7.   Comparative Market Data

Comparative market data includes information from external sources – usually the Australian Bureau of Statistics, the NRMA Accommodation Guide and the local tourist authority - regarding the number of motels in the area, visitor arrivals, length of stay, occupancy rates etc.  This information is compared with data from the motel.

8.   Trading Analysis

The valuer analyses the trading figures of the motel and notes the amounts that should be added back to the net profit.  Add backs usually include interest, depreciation, management wages (depending on the size and nature of the operation) repairs, maintenance and replacements that are of a capital nature, or are non-repeatable expenses, and abnormal losses or profits (eg sale of assets).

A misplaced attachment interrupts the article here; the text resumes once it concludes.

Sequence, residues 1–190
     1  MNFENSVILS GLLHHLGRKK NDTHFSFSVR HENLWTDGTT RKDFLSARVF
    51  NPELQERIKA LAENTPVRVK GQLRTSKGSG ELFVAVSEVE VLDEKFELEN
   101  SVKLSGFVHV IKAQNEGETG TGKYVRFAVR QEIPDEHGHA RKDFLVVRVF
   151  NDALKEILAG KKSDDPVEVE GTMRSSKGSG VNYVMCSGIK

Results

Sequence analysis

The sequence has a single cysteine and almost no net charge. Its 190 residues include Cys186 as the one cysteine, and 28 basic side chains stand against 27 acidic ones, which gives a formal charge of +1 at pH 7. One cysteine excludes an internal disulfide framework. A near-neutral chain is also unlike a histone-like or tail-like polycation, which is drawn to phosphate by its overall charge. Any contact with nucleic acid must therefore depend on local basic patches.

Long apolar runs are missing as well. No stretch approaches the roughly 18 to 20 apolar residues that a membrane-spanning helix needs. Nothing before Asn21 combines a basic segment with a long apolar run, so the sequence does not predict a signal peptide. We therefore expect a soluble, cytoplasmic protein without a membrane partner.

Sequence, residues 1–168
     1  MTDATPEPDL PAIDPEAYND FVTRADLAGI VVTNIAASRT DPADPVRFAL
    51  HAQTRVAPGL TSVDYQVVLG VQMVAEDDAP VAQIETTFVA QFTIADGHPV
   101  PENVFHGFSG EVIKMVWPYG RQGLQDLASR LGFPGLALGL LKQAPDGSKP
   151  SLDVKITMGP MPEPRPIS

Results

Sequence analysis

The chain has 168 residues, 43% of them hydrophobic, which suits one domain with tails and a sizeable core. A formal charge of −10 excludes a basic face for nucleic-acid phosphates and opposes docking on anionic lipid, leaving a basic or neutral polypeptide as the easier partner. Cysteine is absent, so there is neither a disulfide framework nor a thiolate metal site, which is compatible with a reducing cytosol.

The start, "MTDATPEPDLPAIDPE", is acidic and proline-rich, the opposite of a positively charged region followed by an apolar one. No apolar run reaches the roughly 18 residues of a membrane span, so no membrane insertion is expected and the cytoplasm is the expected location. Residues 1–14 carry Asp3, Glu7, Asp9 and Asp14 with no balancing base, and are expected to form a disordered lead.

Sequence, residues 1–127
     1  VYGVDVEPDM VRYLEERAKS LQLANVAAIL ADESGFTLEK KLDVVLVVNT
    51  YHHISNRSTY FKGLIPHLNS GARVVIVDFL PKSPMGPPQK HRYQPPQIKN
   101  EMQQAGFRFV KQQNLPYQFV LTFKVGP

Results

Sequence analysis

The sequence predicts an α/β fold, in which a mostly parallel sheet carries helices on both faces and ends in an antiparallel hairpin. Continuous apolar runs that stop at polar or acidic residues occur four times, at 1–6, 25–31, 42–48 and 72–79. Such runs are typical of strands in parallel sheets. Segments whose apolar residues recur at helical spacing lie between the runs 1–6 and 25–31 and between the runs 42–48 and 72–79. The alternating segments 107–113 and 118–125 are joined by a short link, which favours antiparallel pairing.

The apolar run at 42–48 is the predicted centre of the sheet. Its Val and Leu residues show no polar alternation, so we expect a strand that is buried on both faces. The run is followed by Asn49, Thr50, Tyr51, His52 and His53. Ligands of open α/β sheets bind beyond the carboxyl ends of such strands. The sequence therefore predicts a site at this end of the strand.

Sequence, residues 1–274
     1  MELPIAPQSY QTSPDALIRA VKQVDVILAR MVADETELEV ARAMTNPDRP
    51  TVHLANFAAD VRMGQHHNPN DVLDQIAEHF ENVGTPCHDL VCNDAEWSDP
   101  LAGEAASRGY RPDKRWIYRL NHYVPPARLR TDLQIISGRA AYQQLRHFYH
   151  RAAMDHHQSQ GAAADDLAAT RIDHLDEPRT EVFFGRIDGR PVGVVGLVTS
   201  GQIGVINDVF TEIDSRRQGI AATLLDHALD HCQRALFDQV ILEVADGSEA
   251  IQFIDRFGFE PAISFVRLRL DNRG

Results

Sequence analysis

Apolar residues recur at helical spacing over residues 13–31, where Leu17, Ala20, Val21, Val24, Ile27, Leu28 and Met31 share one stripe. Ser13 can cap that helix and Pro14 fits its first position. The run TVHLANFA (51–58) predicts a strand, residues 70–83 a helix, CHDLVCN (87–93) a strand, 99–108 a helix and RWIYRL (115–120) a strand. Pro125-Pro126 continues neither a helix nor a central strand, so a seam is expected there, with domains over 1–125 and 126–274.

9.   Valuation Methods

In this section, the meat of the valuation, the valuer uses a number of methods to arrive at a value for the subject property.  The standard methods employed are:

  1. Traditional Capitalisation Approach

  2. Direct Comparison Approach

  3. Hypothetical Lessor's Interest and Lessee's Interest

a.      Traditional Capitalisation Approach

By examining comparable sales of similar motels, the valuer sets out a range of yields, or returns on investment.  The yield is the average annual net profit before interest, depreciation and owner’s wage divided by the sale price.  Yields tend to vary with size and location.  Large Sydney motels will sell on lower yields than small country motels.  Similarly, coastal motels sell on lower yields (ie they are more expensive) than inland motels.  Therefore, it is important for the valuer to note sales of motels of a similar size in a similar area at a date as close to the valuation date as possible.  If he feels that the average yield for a motel of the type under examination is 14%, then if the motel is netting $400,000 he will value it at $2,857,000.


While the traditional capitalisation method is probably the best way to value a motel, it does have a number of drawbacks, namely: